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Turkey Forced Into War by Hostile Acts of Allies, Declares Sultan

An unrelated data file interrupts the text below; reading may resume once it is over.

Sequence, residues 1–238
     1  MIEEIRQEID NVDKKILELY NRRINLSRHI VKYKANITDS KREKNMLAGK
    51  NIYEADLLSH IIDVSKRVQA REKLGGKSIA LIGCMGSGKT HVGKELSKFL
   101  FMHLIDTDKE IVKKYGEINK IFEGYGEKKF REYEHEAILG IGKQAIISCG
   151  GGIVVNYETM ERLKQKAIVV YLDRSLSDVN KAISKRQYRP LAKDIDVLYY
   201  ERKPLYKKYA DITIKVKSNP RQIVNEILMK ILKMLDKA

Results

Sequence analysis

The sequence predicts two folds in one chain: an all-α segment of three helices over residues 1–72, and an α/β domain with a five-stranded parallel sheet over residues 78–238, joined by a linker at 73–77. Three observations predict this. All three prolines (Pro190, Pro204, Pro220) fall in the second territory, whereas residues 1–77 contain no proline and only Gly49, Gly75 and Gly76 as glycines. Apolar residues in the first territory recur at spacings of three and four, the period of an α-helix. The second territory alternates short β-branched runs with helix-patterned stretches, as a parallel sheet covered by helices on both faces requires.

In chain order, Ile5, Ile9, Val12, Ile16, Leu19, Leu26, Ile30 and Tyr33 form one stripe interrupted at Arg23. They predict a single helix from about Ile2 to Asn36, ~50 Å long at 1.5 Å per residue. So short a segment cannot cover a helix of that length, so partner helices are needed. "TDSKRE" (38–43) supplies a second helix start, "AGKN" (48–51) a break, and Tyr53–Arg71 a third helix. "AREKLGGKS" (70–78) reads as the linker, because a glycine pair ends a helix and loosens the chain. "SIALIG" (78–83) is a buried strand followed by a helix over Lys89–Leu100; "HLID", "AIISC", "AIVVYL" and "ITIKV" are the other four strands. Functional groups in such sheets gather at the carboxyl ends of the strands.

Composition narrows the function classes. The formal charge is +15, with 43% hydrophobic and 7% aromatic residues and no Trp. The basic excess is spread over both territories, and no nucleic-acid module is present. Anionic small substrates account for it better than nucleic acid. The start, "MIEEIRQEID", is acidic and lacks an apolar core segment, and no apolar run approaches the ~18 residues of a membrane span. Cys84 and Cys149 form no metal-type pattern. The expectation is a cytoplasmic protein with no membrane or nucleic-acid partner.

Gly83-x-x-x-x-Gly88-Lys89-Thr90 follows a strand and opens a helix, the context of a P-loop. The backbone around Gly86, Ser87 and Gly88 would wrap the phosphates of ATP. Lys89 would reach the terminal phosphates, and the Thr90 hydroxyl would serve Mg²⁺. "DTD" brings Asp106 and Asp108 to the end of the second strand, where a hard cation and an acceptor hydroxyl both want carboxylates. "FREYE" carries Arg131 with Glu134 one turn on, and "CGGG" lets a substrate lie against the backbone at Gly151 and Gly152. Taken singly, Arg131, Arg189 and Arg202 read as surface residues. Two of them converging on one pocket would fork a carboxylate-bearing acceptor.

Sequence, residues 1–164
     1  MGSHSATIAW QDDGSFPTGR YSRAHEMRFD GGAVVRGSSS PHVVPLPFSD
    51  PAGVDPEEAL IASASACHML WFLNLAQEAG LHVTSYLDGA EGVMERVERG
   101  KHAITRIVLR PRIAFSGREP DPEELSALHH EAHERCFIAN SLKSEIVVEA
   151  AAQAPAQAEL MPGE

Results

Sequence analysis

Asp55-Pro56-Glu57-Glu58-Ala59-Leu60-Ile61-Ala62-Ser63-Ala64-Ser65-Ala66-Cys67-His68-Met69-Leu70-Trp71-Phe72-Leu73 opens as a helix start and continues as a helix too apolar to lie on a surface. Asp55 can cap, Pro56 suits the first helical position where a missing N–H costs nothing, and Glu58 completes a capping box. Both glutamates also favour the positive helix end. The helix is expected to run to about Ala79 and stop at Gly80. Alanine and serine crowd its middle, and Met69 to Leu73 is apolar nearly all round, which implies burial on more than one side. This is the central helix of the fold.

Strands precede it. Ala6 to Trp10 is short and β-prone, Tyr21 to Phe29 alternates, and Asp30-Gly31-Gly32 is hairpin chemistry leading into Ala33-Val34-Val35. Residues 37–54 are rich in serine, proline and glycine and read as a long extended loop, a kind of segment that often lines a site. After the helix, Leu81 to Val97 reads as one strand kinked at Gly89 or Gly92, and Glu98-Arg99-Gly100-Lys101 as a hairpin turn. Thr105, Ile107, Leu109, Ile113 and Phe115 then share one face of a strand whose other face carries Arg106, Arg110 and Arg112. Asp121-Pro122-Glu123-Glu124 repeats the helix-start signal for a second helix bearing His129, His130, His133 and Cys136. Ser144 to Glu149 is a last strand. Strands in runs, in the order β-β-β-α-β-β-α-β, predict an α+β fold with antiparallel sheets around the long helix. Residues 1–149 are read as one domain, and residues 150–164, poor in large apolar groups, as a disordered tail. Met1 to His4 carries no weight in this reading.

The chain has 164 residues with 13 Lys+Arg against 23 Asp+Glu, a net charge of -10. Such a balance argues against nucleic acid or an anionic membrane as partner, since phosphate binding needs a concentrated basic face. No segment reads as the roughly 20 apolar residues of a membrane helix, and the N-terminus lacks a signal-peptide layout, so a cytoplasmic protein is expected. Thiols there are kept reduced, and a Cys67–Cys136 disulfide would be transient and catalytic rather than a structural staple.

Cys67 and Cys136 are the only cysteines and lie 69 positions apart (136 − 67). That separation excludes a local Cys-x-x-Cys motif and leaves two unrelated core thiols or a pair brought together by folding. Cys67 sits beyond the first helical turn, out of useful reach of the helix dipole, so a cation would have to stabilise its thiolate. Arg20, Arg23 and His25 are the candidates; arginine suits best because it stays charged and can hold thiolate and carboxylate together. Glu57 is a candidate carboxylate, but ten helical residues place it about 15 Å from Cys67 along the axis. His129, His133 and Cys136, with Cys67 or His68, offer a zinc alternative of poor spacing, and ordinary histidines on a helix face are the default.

HARRISBURG TELEGRAPH LXXXIII— Xo. 203 ROM WEEK STIRTS WITH Bit RECEIPTS Society Crowds Orpheum Theater to See Belgium Bene fit Show BESSIE WYNN IS HEADLINER Farber Sisters and Joe Jackson Win Hearts of Vaudeville Patrons Success for the Rotary Club of Har- j risburg in its efforts to raise funds for the Be'sian sufferers was forecasted ! yesterday in two record audiences at 1 the Orpheum Theater. This is "Rotary Week" at Harris- j burg's popular vaudeville house. With ] the slogan that "An empty seat at the Orpheum this weok means an empty | stomach in Belgium," efforts are being ' made to have the "standing room only" sign out at every performance. Aside from the charitable spirit back of this enterprise to send cheer into many homes abroad the Rotarians are offering strong inducements for a liberal patronage in the way of an ex- ] ceptionally pleasing vaudeville pro- j gram. The big week started with the after- | noon performance, but last night's audience marked the official opening! of "Rotary Week." Not since the open ing of the Orpheum has a more fash ionable crowd filled the seats. In con trast with the colors of the Rotary Club, old Glory and flie other deco-] rations were the handsome gowns of, beautiful women and the flowers they More. Changing; Tears to Smiles The spirit of giving did not stop with the purchase of a ticket of ad mission. The Home and Foreign Re lief Committee and Junior Rotarians are big factors this week in the effort to change tears to smiles in Belgium. Wearing ribbons across their breasts ■■n which are inscribed "Junior Rotary Club" and red >-rosses on their arms, more than a hundred sons of the "big" Rotarians moved about the theater selling flowers, candy and lemonade. Intermissions were arranged so the Juniors eould work without interfering with the interesting bill. With the flash of the opening letter, the signal for the overture by the or chestra. the enthusiasm started. Ap plause was mingled with the introduc- I tion of Rotary features. Klaxon horns and other "noise" instruments helped swell the applause. Professor Herman Yeager offered an opening overture that also helped stir up the big crowd. Eselck Welcomes tlie Folks When the orchestra ceased playing and the second curtain went up Wil liam S. Ksslck. president of the Rotary club, stepped to the front of the stage and welcomed the audience in a happy vein. Mr. Essick called attention to the fact that while thß Rotary Club has secured the Orpheum theater fori the week in an effort to send cheer to the Belgian sufferers, the needy at home will in no wise be overlooked. Mr. Essick thanked the audience for its liberal patronage and urged a con- , tinuation of the "giving" spirit during the rest of the week. Mr. Essick re quested the audience to sing "Amer ica." And sing it they did. Xext came the big show. The Big Show When C. Floyd Hopkins, manager of ihe Wilmer & Vincent theaters in Har risburg. sent word from New York city last week that he had booked a great show lie was modest in his in formation. Any vaudeville bill on which Bessie Wynn is a headliner is extraordinary of necessity. Bessie is here this week, and her sweet voice, petite and refined mannerisms, with songs that reach the heart, are win ning her new laurels. As a flnale to her act Miss Wynn sang the national Rotarian song and everybody joined in the chorus. The show starts off with a rush. Two young men. both live wires. McCloud and Carp by name, are the openers. With a ban.io and violin they offer '•lassie selections and wind up with a rapid-fire introduction of ragtime melodies that make evervbodv move their feet. The boys do their work in whirlwind fashion. "Those Were Happy Days" is the title of a sketch by Ed Howard and company. It is a laughmaker with two ■ lever artists. Rill Blaisdell and Ed Coward as the fun producers. Pathos mixed with the eomedv makes the act a most enjoyable offering. •Toe Jackson Here. Too Joe Jackson, in the role of a speech less vagabond, had the audience in a continuous uproar with his funnv ac tions and efforts to ride an old blcvclc that was always falling to pieces." It [■Continued on Page 12] THE WEATHER I For Harrlnburg Did vlrlnttyi Fair continued rold to-nlglrt anil Wtil « nendnji lowest temperature tn night about zero. ..For Knatern I'enniaylvanln. Fair to night and WedneNday, continued eold; Ntrung west winds. River Thr &uft<|iirhanna river and all Its tributaries will fall slowly to night and Wednesday, except lo <al rises will occur where the i htnnrl becomes choked with lee. The area of rrozrn surface will inrrroar greatly and the streams of the system will become gen erally Icebound. % stage of about tt.O feet Is indicated for llarris •Hirg Wednesday morning. General t ondltlons The high pressure arru from the west following the severe storm now passing oIT the North Atlan tic coast has overspread the east ern half of the I'nlted States, with Its center over the Lower Ohio Valley. It has caused a de cided fall In temperature gener ally over thr eastern balf of the couatry. the most decided minus changes occurrinr In the Susque hnnna Valley. Temperatures S a. m„ 4. Suns lilacs. 7i21» a. m.; seta, 4t40 p. ni. Moon: >en moon. December IH, WtllS a. m. Itlvrr Stagei U feet above low wutcr murk. Veslrrday'a Weather Highest temperature, :t<(. 1 .oweat temperature. Mi. IMenn temperature. 20. Kornial temperature. ;(.i. STOUMMPIIGK : OR9WIZE BIG LEAGUE Will Carry oo Soul-winning Work After Big Revival Is at an End TO "STEER" MORE MEN IN Volunteer Firemen of City and Vi cinity Will Attend To night's Service A most important move toward the permanency of the work of the Stough campaign was made this afternoon at the tabernacle, when Dr. F. P. Cart wright organized the women of ihe personal service workers into a per manent league, which will work in connection with a men's branch to be organized in a few days. The object of the league is both to conserve the results and extend the influence of the evangelistic campaign, especially by winning men and women one by one to Jesus Christ after the close of the big revival. As explained by Dr. Cartwright. It is in line with the teaching of the Gospel to add new converts daily to the church by personal efforts and not to let the good work started by the campaign die out through neglect. Both men's and women's branches, [Continued oil Page 14] RIVER WILL FREEZE UP TIGHT TONIGHT Susquehanna Already Shut at Sev eral Points Up-State; Mer cury to Go to Zero SKATING AT WILDWOOD SOON Cold Wave Grips Country East of Mississippi and the Northwest A general freeze-up of the Susque hanna river at this point will occur in all probability before midnight, ac cording to E. R. Demain, weather forecaster. Owing to back water caused by the new dam, the river is expected to I freeze over much more quickly than heretofore. The river was already partly frozen shut when observed by the weather man at 8 o'clock this morning. The Susquehanna is already frozen over at Clearfield, Wtlllamsport, and Towanda. M. Harvey Taylor, park commis sioner. reports that JWildwood lake is covered with three Inches of ice and will likely be ready to skate upon by to-morrow. A temperature of four degrees above ! zero was recorded at the weather bu ' reau this morning at 8 o'clock. In the 'mountain districts aboye the city and [at Paxtang zero temperatures were re ported. A forecast issued at noon to day by the weather man predicts a zero temperature for Harrisburg and vicinity to-night and to-morrow. Bul letins issued this morning by the gen eral weather bureau at Washington, ■ I). (*., says: Two more days of severe cold weather will prevail over the i eastern section of the United States: ! The coldest weather of the season thus I far prevailed to-day generally east of j the Mississippi river and in the north- I '.vest. Below zero temperatures wore j reported from West Virginia. Pennsyl vania, Ohio, Indiana and the north west, while below freezing tempera tures were reported froia all other States east of the Mississippi as far South as Florida and the east Gulf States. Fair weather prevailed almost everywhere except for rains in the Florida peninpula and on the North Pacific coast and snow flurries near the great lakes and in northern Eng j land." At Pittsburgh a temperature of 3 |below was reported; P below near Wil jiiamsport; 4 below at ilasleton. Weather Holds Up the Completion of Sigler Piano Player Factory Owing to the weather conditions the opening of the Sigle,- Piano Player Company's new factory on Allison Hill, near Seventeenth and Derry streets, will be delayed for several weeks. Formal opening of the factory will not likely be made until some time in the latter part of January or possi bly February, but the mill will be open and actions will he turned out in all probability within the next three weeks. Just as soon as the roofing is finished the machinery will be In stalled and the factory will be open for work. The company has received two new machines and three more are on the way. A massive 60-inch boring ma chine and a big saw table will soon be placed in the factory and the other machinery necessary to turn out the product will be installed soon there after. Some of the machinery used in the factory at 426-428 Market street has been sent back to the man ufacturer for equipping with the latest improvements and appliances. \VII,SOX AWAITS INFORMATION Washington, D. C., Dec. 15.—More information is being awaited before President Wilson decides whether the request of Governor Goethals for de stroyers to enforce neutrality at Pan ama shall be granted. Suggestions of differences between Secretaries Garri son. Danils and Bryan over the ques tion were met by President Wilson with the statement that there could he no real differences since he would finally decide. , HARRISBURG, PA.. ' IS CHRISTMAS NEAR? JUST TAKE A LOOK AT THESE! - - Vx"' tMffibr ;T - i&sFSij TO CUT SUES Of | lIRBY POSTMASTERS I Congressional Committee Author izes Wholesale Cut in Salaries in Central Pennsylvania SLIM BUSINESS THE CAUSE Steelton, Middletown, Mechanics burg, Carlisle and Sunbury Are Among Those Affected Steelton. Middletown, Mechanics | burg. Carlisle, C'hambersburg. Gettvs ! burg, Columbia, Sunbury, Shamokin. 1 Palmyra—these are among the towns j in this section whose post otllcfs are materially affected by the wholesale! cut in postmasters' salaries authorized j yesterday by the congressional House | committee on post offices. The decreases are suggested in re- j spouse to President Wilson's urgent i plea for economy. The business de- I pression throughout the country is re [Continued on Pago 0] PAPERS PRINT SCHWAB REPORT' By Associfted Press ! Berlin. Dec. 14. 11 p. m.. via Eon-1 don, Dec. 15. 2.43 a. in.—Most of the! newspapers here printed yesterday j Secretary of Suite Bryan's announce-' ! ment that Charles M. Schwab had in- J | formed him that the Fore River Ship building Company would submit toi j the views of President Wilson and not j I build submarine boats for any of the] 1 European belligerents. I | "Your Fiance Died a Brave Soldier" Letter Tells Girl I•■ • • l Middletown Bride-to-be Learns Lover Met Death Battling With Russians on German Frontier "Your fiance died a brave soldier) and a leader. Your country lias lost a! hero.". This was ihe concluding iotter re ceived yesterday by Miss Amelia Ko vachek, daughter of Mi - , and Mrs. A. Kovachek, of Middletown. breaking the news of the death of her fiance, lieutenant Ralph Weiss, of the Six teenth infantry of the Imperial Ger man Army. Lieutenant Weiss, the letter said. OLD CHURCH ARMORY FOR GOVERNOR'S TROOP State Gives Cavalry Use of Bethel A. M. E. Structure Until Torn Down The State Board of Public Grounds and Buildings to-day granted the use of the Bethel A. M. K. Church at State and Wert streets to the Governor's Troop until the extension of Capitol Park makes it necessary to tear down I the church. The church property, j which is located a short distance from ! I'ourth street, was purchased by the | Capitol Park Extension Commission! I last year and turned over to the board i | several months OKO. The congregation | j lias been occupying the church until j its new edifice In Korster street Is com pleted. The Governor's Troop is now domi ciled In the Russ building, where It has been located almost from Its or ganization. but the offices and equip ment rooms arc on upper floors and (Continued on Page 8] TUESDAY EVENING, DECEMBER 15, 1914. WIT II REAL. LIVE BABY f Of) CHRISTMAS? Children's Aid Secretary Knows Where the Cutest of Little Ones Can Be Had For Asking How would you like to have a real i j live baby for a Christmas present ? j One that'll coo, and say Oada and dO| I all those other cunning baby tricks i that help make home wot*th while? Well, Mrs. Elsie A". Middlefon, sec ' retary of the Children's Aid Society, 'said this morning that she can pro | vide just such a Christmas present to .quite a few folks this Yuletide. And | the beauty of the present all is thai [Continued on Page 0] j was filled in a battle on the Russian | frontier. October -0, when his regi ment was endeavoring to check the Russian invasion. The letter was writ ten by comrades, on the field and was first mailed to the young soldier's par ents in Europe ond then forwarded to Miss Kovachek. Lieutenant Weiss was 22 years old and had served several years In the Kaiser's armies. He and Miss Ko vachek had planned to be married next month. •» DRUGSTORE THIEVES MIKE II GOOD Ml I . S3OO Worth of Loot Taken From Middletown Pharmacy; Make Several Tripj Thieves looted the drug, store of T. K. .Mays, in the Kewalt Building, Middletown. last night and got away with S3OO worth of goods. The cash register was broken open, but all the thieves got was 25 cents in cash. The | I safe was also forced open, but no j money was found. Papers from thp [Continued on I'agc 91 FItOBATK K-UXKKIJ Wll.l. The will of the late John ('. Kun kel was recorded this morning. Two hundred thousand dollars is left to the Harrisburg Trust Conpany in trust for Mrs. Kunkel and his son John. The balance of the estate is left to his widow during her life, at her death to his son John. Mrs. Kunkel is named as sole executrix. . ; 11. S. LEADS IN HMDE~ j WITH 20 REPUBLICS For First Time American Business Exceeds That of Other Latin- American Countries JOHN BARRETT GIVES FIGURES Comparison of Statistics Shows Rapid Growth Since t907" Boston, Mass., Dec. 15.—Trad© of the United States in 1913 with the twenty Latin-American republics, both in sales and purchases, exceed in vol ume that of any other single country, I according to John Barrett, direcfor j general of the Pan-American Union, .in an addiess iiere to-day before the I^atin-American Commercial Confer ence. It was the first year, he said, the I United States ever had exported a greater valuation of products to Latin- American countries than did the United Kingdom. Mr. Barrett's conclusions were based on statistics just compiled by the Pan- I American. Union. lie said this was it he first time accurate figures of Latin- . | American commerce in 1913 had been given. The figures showed that the twenty j independent countries south of the I United States conducted a foreign commerce in the calendar year 1913 j valued at $2,864,87(1,224, of which [Continued on Pace fi] 11,434 Horses Pass Through Pittsburgh on Way to Warring Nations By Associated Press Pittsburgh, Dec. 15.—Since the bel ligerent nations of Europe began buy ing war horses in this country, 11,434 horses have passed through Pittsburgh on their way to Atlantic coast ports. They occupied 519 cars and traveled lon fast freight schedules. That the lagents* were not in a hurry, however. I was proved by the fact that while the law provided a rest of live hours in ■ Pittsburgh, horses were often kept here several days. On such waits the animals were branded with the mark of the country to which they were consigned. The first consignment was received here October. 14, and -there are at present in the stockyards sev eral hundred horses which will be sent East this week. The horses arc the finest that the French and English agents were able to buy. Apparently there was no effort at concealment concerning their destination; as they were in some instances consigned to men with military titles. Paxtang Provides For the Care of Its Trees Paxtang, Dauphin county's baby bor ough, has not yet appointed a shade tree commission—lt's less than a year old as a municipality—but it has pro vided for the care of Its trees. Failure to keep one's trees properly trimmed may cost the delinquent citi zen a fine of from $5 to S2O. . At a recent session the borough coun cil passed an ordinance which provides that any person "who shall have shade or other trees growing upon or along any sidewalk in the borough shall keep them pruned and trimme.] so that no branches or limbs shall project. over the Sidewalk at a height of less than eight feet above the grade of the side walk." Another clause fixes the penalty. I The measure has been approved liy | Chief Burgess T. W. Smallwood. i INJUNCTION SI IT STILL OX j At least a score of witnesses are yet to be heard in the Injunction suit in stituted by John J. Lynch and W. F. I Martin against Buililng Inspector J. ,H. Grove and John Wagner, to re strain the city from carrying out its threat to tear out the walls of a York street apartment house because the contractors allowed the walls to bulge. WANT WAR TAX PAID Paris. Dec. 15, 4.50 a. m.—A dis patch from Havre to the Matin says: "According to news which has reached i the Belgian government, the German governor-general of the occupied ter- I ritory in Belgium has ordered the pro- ,1 vincial councils to meet on December i 17 to take the necessary measures fori the payment of the war lax of 350,- 300,000 francs ($70,000,000), j 14 PAGES BATTLE RESUMED IN NORTHERN FRANCE; TURK SHIPS BUSY French Claim Successes, Saying They Have Captured Ger man Trenches and Many Prisoners; Berlin Makes Denial of Several Official Statements Sent From Paris; Sultan Tells Parliament Turkey Was Forced Into War The iirltlsli military authorities An nounced to-day that fighting In North ern France had recommenced autl that a combined attacked by the allies in Belgium, to the south of Ypres, had resulted in the capture of German trenches and sul»tantial programs. This is tlie first occasion in several weok on which the British authorities have considered the day to day activi ties of the allies of sufficient import ance to issue such a statement. Gui don suggests it may mean that the al lies have at least begun the general offensive movement which has lieen expected there for some time. The French statement to-day covers the same ground as the British an nouncement and In addition says that some progress has lieen made In the Argonile. There were indications, however, that the Germans have made progress recently toward the eastern end of the line. The French War Office admits that at Stein bach, in Al sace the German infantry "gained a foothold." Bombardment of St. Leon ard and of Coinmcroy by tlie Germans also has been mentioned in the last two official statements. St. Leonard lies some distance south of points previously mentioned In accounts of fighting In the Vosges. Coinmcroy is about ten miles south of St. Mlhicl, which lias been Itelleved previous to the southern extremity of tin- wedge thrust by the Germans into the French line. Such confident claims have been made by the allies during the last week concerning the success oi their new movement against the German line that the Berlin military authori ties have issued a special statement to contradict them. The French official statements, nn particular, have reach ed a long series of victories, includ ing the destruction of a number of German batteries, the capture of trenches and the rout of the German infantry attacks, along almost the long line. Tlie German statements, how ever. have said that there is little activ ity and to-day's announcement from Berlin characterize the French report of December 12 concerning the de struction of 'tatttrles and capture of trenches as "a pure Invention." STIMSON TELLS COUNTRY'S NEEDS Ne "Y; ■, D- JS - \ vfer-. •• > " inc ••■ in our rr ' : t- - * ■ ion- u;-- nvr ch -r. > • vonnrrcer a rr,/ ■. • )'f '• : • ;anized •n •ar y :rr err. - • ' ;n- such are t' : inmieoltr r>;<rriy need o the United States, in the opinion of Henry L Stim son, fo v- rly Secretary of War, who addressed to-day the Merchants' Association of New York, on "The Needs of the Army." AUSTRIANS ABANDON BELGRADE Vienna, via London, Dec. 15, 5.35 P. M.—The abandon ment of Belgrade by the Austrians is acknowledged in an oiTici.il statement , iven out at army headquarters to-day. OPEN BIDS FOR EIGHT SUBMARINES Washington, Dec. 15.—Bids were opened to-day at the Navy Depaument for eight new submai ines, one of which is to displace between s2.'» and 1,066 tons. The exact speci fic.: ii<. > nava! secret. The great, in>; ship :nust e a spcH «; tvcc -ty - ne knots >n the ace and sixteen i:not under water. JOHN I. WELSH DIES SUDDENLY * Shatnokin, Pa.. Dec. 15.— John 1. Welsh, nwyer. state advocate of the Knights oi Coh:>ni u-.. . ' ormer. tu- nan oi tfcf Northumbei ; «ud County Dev. ■: .ric Con-mittee, lied here to day after a brief illness. READING MAN DIES IN SUNKURY Sunbury, p., Dec 15 Arthur W. Heim, a welthy re tired nieicnantf of Reading, Pa., dropped dead here to-day. Upon his arrival in town he went to a hotel to vi-itinr uncle, Sam. el Weaver. He met Weaver m nd was about to grasp the hand of the uncle when he collapsed. LAWYER KILLED BY BURGLARS Atlanta, Ga., Dec 15.—Charles B. Reynolds', .a lawyer, was shot and almost instantly killed early to-day, in a re volver battle with a,' burglar in his home here. Reynolds fired four times before he was killed. The burglar escaped. RIVER CLOSED AT ROCKVILLE Ice on the Susquehanna river at a point near Rockville, jammed and froze the entire width of the stream, hhortly after noon-to-day. MARRIAGE LICENSES » W 111 lam J. Morrla anil Kilna M. Arntlt, clly. * POSTSCRIPT | The (ielinlte statement in made in I Rotterdam that the Germans have be , nun a retreat, failing back In Bel gium toward a prepared line further j from the coast. Official confirmation I was lacking, however. The report from Nlsh that the Ser vians had recaptured Belgrade was not confirmed from any other source, although it was admitted in Vienna | that the Austrlans had suffered re verses in Servla. It is announced in Berlin that the Turkish cruiser Midirli, formerly the German warship Breslau, has bom barded the Russian Black Sea port of Sebastopol. although with what effect is not stated. The Sultan of Turkey, : addressing Parliament, asserted that 1 Turkey had been forced into the war by the hostile acts of Russia, France j and England. Austria-Hungary Has Attempted to Conclude Peace With Servians By Associated I'rrss Vienna, via London, Dec. 15, 6.02 a. ni.—lt is officially denied that Aus ! Iria-Hungary has attempted to con delude a separate peace with Servia. There have been several reports re garding possible peace negotiations ■ between Austria and Russia, but the i official denial is the first intimation here that there have bee:' similar re ; ports regarding Servia. it is probablo that following the recently reported | success of the Servians such a rumor ! became current in Europe. | AIJIJKK rkpvi,sed, says rerun Berlin, by wireless to Sayville, Dec. 15. —An official report given out at headquarters late last night said: "The French have made weak attacks against our positions between the Mouse and Vosges, but these were eas ily repulsed. There were no Impor tant events on the west front, In East Prussia or in South Polo Our op erations in North Polam velop. lug"